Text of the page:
The Chronicle of Philanthropy (CFED)
By: Nicole Wallace
March 18, 2012
Employee feedback helps nonprofits refine programs
Before new employees hit their three-month anniversary at the Corporation for Enterprise Development, Andrea Levere, the nonprofit's president, takes them to lunch to ask their impressions of the organization and what ideas they have for improving it.
"I've been here a really long time," says Ms. Levere. "You can stop seeing new things."
Those conversations have led to a mentor program that matches junior staff members with more seasoned employees at the antipoverty organization and an internal newsletter designed to cut down on the number of all-staff e-mail messages.
Ms. Levere says a big part of her job as a leader is seeking a wide variety of perspectives: "That's where you get the initial thought, Oh, there's another way to do this."
Like Ms. Levere, many nonprofit leaders believe that for their organizations to move forward, they need to harness the insight of employees. Instead of hoping that exchange of ideas happens informally, they're finding creative ways to solicit feedback on how programs are going, what they're hearing from clients, and how the groups can improve their work.
Officials say their efforts reflect an approach to leadership that emphasizes participation and debate over top-down control.
Workers who carry out an organization's programs and interact with clients have an important vantage point, says Chris Krehmeyer, chief executive of Beyond Housing, a nonprofit that helps low-income families in St. Louis rent or buy housing.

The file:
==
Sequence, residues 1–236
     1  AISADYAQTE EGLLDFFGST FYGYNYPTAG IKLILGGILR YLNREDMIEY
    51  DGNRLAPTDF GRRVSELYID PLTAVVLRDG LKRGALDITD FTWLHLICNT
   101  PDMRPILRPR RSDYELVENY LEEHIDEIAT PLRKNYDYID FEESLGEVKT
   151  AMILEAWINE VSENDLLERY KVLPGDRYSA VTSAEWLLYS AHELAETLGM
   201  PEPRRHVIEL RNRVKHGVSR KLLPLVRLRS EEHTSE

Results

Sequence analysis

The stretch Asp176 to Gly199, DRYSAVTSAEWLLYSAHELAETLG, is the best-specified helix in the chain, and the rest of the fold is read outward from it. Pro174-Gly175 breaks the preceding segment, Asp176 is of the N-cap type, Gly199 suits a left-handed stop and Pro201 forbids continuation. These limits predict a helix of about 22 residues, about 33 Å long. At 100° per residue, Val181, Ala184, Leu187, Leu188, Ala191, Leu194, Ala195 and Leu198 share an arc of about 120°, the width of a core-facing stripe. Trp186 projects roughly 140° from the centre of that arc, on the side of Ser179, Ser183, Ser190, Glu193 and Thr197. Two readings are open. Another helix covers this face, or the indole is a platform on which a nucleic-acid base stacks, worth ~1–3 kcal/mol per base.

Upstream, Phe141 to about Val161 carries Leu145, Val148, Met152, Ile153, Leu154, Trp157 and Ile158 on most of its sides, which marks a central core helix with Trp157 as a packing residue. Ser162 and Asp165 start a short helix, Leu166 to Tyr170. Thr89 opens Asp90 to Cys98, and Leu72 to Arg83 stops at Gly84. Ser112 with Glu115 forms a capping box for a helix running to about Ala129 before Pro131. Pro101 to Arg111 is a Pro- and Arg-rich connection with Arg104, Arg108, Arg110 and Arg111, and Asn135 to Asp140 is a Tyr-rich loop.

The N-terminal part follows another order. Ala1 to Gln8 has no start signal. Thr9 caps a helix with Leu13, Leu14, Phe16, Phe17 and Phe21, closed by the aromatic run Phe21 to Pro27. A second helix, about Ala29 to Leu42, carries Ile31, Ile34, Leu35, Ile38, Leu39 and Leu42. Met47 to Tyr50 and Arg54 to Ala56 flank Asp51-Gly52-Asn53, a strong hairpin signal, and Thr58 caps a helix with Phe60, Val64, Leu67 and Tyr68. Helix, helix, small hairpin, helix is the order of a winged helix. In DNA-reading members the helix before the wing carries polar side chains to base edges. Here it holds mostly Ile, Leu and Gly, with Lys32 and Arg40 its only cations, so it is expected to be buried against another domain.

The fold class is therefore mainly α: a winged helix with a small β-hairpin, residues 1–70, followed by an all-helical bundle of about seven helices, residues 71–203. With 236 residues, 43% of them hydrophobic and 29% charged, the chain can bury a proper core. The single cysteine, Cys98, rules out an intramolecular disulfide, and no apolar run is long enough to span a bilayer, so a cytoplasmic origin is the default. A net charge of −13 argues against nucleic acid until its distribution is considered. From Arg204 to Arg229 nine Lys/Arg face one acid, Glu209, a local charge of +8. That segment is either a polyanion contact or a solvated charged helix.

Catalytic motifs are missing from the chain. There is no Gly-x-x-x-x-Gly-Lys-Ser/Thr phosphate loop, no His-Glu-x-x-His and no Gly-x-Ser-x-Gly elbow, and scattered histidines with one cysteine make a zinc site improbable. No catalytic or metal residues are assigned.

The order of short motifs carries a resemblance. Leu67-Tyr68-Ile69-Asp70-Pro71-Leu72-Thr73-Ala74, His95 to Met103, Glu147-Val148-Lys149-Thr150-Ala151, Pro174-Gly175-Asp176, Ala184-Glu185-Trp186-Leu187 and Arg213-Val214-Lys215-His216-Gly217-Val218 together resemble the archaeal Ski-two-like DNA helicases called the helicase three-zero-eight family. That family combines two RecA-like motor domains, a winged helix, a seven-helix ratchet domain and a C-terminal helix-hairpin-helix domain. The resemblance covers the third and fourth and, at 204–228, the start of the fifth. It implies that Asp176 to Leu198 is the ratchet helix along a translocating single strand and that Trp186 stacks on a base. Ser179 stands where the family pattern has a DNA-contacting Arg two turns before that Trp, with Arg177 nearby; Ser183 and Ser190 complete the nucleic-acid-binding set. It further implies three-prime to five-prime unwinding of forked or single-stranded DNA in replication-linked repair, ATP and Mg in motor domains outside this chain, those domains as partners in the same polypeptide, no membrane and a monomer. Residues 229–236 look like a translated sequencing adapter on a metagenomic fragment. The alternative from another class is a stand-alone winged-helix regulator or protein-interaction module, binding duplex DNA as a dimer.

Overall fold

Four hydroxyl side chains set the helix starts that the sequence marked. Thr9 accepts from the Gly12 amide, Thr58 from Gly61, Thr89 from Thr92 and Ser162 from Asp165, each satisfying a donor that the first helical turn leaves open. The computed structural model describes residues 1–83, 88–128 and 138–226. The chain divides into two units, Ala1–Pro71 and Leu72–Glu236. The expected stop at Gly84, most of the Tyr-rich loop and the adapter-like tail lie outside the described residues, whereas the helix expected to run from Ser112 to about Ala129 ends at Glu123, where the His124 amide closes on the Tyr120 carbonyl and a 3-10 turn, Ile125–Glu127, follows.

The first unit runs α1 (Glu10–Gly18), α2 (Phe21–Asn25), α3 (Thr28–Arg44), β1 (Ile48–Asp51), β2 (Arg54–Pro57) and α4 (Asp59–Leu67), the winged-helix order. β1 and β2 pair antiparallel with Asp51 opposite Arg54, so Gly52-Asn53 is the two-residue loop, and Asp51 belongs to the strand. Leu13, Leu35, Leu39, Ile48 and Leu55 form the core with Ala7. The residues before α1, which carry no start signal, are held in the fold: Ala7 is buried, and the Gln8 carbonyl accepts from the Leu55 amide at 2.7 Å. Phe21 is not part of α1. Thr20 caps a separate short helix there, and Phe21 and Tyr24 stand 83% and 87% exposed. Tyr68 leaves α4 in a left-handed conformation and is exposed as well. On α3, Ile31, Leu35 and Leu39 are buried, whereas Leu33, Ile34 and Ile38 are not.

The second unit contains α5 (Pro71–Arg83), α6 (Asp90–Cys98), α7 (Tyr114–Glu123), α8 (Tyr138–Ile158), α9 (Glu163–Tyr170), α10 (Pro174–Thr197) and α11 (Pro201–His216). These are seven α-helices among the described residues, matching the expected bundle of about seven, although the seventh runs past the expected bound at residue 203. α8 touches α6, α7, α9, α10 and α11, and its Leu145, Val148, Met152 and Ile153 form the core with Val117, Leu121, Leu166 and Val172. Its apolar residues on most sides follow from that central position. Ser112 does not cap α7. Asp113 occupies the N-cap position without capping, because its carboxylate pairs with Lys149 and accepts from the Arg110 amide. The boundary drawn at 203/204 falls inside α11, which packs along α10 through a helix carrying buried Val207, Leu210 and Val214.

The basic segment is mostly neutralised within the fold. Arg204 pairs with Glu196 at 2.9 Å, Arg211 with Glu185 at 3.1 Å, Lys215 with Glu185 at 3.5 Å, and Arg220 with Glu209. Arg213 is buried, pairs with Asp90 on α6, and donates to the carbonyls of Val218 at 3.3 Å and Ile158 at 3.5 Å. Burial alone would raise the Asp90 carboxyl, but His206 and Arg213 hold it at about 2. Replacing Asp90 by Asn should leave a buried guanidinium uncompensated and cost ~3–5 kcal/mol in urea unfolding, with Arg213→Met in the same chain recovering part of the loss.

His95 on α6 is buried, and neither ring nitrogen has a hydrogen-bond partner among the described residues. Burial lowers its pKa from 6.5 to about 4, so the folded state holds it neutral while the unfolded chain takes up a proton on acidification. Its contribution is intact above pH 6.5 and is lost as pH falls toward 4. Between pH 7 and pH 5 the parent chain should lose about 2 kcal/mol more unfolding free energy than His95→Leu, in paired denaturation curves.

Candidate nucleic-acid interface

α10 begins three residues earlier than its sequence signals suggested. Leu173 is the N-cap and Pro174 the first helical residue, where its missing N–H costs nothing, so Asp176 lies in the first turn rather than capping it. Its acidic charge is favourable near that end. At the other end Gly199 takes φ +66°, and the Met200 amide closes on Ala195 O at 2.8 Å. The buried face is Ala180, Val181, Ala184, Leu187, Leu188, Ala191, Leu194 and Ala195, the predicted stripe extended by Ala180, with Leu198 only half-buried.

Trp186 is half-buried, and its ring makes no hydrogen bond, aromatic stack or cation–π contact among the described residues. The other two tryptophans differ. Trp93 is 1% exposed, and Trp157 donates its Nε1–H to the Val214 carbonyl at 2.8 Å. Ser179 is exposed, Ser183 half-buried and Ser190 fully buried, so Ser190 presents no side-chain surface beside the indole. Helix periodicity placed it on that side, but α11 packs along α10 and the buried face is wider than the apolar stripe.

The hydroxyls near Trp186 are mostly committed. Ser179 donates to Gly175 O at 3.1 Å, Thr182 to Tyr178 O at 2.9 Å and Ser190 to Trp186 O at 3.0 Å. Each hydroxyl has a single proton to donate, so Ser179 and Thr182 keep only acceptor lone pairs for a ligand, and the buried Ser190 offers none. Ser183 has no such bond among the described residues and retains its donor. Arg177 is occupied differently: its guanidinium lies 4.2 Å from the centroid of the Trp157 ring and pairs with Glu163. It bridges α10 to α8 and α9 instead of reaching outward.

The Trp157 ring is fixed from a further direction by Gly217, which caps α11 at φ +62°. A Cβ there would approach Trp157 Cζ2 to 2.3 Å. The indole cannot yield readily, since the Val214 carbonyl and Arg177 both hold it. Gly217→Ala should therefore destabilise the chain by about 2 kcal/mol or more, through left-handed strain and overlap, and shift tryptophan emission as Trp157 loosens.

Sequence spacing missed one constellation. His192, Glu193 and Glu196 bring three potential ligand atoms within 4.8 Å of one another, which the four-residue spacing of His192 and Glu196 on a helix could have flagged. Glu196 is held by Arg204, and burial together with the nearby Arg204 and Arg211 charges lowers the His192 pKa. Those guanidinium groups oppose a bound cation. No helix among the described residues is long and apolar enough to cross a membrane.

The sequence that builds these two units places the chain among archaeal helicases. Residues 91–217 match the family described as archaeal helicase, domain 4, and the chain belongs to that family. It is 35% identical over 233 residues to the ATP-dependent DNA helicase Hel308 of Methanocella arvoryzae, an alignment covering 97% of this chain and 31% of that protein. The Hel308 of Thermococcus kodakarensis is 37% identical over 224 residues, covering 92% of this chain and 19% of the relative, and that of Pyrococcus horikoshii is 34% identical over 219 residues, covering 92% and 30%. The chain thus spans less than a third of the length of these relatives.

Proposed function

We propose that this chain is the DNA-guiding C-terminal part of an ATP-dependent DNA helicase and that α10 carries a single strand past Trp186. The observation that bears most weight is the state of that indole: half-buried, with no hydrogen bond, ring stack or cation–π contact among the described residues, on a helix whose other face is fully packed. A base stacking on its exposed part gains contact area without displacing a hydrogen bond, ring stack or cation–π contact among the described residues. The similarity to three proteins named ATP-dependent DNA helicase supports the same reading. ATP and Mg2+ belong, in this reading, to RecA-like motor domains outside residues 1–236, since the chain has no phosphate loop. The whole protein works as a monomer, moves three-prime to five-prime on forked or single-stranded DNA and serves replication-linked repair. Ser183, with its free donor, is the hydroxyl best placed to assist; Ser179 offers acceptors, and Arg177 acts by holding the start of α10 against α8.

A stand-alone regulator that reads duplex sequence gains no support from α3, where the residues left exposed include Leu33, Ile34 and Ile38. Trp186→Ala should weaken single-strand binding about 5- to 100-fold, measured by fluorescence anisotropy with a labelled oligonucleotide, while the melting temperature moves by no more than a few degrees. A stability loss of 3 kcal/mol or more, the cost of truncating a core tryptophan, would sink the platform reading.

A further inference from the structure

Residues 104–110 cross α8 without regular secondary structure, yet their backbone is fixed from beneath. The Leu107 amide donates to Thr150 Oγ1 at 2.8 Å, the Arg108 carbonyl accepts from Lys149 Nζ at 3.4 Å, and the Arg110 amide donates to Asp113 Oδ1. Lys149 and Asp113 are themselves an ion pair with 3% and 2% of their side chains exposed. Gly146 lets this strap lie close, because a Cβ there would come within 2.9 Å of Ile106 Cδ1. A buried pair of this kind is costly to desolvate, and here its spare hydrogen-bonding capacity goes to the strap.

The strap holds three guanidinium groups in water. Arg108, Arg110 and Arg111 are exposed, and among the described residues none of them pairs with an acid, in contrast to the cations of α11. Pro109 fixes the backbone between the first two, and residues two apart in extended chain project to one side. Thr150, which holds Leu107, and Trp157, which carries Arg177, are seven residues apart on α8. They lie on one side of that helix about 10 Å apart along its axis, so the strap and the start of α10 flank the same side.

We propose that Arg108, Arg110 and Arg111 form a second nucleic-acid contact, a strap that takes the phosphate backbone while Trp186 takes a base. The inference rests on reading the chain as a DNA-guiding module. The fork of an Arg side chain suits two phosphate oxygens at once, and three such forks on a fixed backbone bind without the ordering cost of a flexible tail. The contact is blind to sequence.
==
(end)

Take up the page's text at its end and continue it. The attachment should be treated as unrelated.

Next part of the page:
Each year Mr. Krehmeyer spends at least one day with employees who carry out each of the functions in the organization, from the workers who counsel first-time homebuyers to the people who manage the group's rental properties.
His goal is to get feedback and build the rapport that will make employees feel comfortable coming to him and other managers with ideas and concerns in the future.
"Maintenance guys get a lot of information," says Mr. Krehmeyer. "So I put on my jeans, my work boots, and my Beyond Housing T-shirt, and I go out with the maintenance guys, so I can hear their perspectives."
During a recent visit to one of the group's apartment buildings, Mr. Krehmeyer spoke with a single mother who had struggled to get her GED degree.
The young woman didn't pass the math portion of the test until her seventh try but didn't give up because she was determined to qualify for nurse-assistant training and eventually earn more money for her family.